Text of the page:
Living Cocoon – Decomposable Coffin Made from Mushroom Mycelium
The world is brimming with new inventions and ideas. Recently, Delft University of Technology student-led start-up Loop has developed a decomposable coffin that is made from mushroom mycelium, called “Living Cocoon.” This peculiar coffin helps bodies decompose faster while enriching the surrounding soil simultaneously.
It’s constantly looking for waste materials to convert into nutrients for the environment. It does the same with toxic substances, including oil, plastic and metal. For example, mycelium was used in Chernobyl, is utilised in Rotterdam to clean up soil and some farmers also apply it to make the land healthy again.
Moreover, this invention is an environmentally-friendly alternative to the traditional wood and velvet-lined caskets that take over a decade to decompose in the earth and release toxins into the soil. Composed completely of mycelium – the thread-like part of the fungi that branches out underground to provide food to the rest of the organism – the Living Cocoon takes two to three years to decompose. The decomposed coffin then provides nutrition to the soil and neutralizes toxic substances.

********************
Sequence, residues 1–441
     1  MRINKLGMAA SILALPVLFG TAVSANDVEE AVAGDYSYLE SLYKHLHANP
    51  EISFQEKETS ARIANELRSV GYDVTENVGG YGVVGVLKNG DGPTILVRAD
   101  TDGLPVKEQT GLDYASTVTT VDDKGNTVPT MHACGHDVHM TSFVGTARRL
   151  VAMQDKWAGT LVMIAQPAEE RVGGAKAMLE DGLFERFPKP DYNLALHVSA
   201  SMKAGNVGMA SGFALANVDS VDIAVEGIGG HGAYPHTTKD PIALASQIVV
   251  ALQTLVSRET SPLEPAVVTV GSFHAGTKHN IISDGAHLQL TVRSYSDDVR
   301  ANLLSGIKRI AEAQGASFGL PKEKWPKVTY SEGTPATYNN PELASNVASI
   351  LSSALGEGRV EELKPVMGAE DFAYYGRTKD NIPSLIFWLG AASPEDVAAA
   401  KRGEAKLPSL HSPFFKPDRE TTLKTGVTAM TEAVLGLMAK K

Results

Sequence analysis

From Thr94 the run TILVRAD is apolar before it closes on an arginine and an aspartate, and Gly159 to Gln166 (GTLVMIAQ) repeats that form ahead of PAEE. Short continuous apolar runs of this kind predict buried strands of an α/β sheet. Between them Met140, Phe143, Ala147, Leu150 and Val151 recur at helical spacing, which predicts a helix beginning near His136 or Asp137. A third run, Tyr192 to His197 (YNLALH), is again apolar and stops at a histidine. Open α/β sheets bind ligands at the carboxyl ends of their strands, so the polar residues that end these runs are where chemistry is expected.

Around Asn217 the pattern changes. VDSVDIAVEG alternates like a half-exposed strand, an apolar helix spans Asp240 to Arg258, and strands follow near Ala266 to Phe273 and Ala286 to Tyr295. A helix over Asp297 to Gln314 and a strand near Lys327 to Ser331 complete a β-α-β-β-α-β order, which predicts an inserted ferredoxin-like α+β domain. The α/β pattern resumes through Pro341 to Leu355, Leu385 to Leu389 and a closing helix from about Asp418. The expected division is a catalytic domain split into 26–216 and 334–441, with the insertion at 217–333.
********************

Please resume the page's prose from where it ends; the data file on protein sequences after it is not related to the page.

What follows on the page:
Created without light, heat, or any kind of active energy source, the coffins are cultivated in one week by mixing a strain of mycelium and a substrate together and putting the mixture in a mold. Thereafter, the fungi absorb the other substance and takes the box-like form.
Hendrikx had designed a similar living pod last year for Dutch Design Week, which ignited the idea to make a vessel from mycelium. He is presently working on implementing light-emitting spores, which could serve as an above-ground marker of where a body is buried.
The futuristic Loop Living Cocoon will be on display at the (Re)Design Death exhibition in the Cube Design Museum in Kerkrade from 21 September. The exhibition is revolving around the theme of saying goodbye, dying, mourning and remembrance and will be up until 24 January 2021.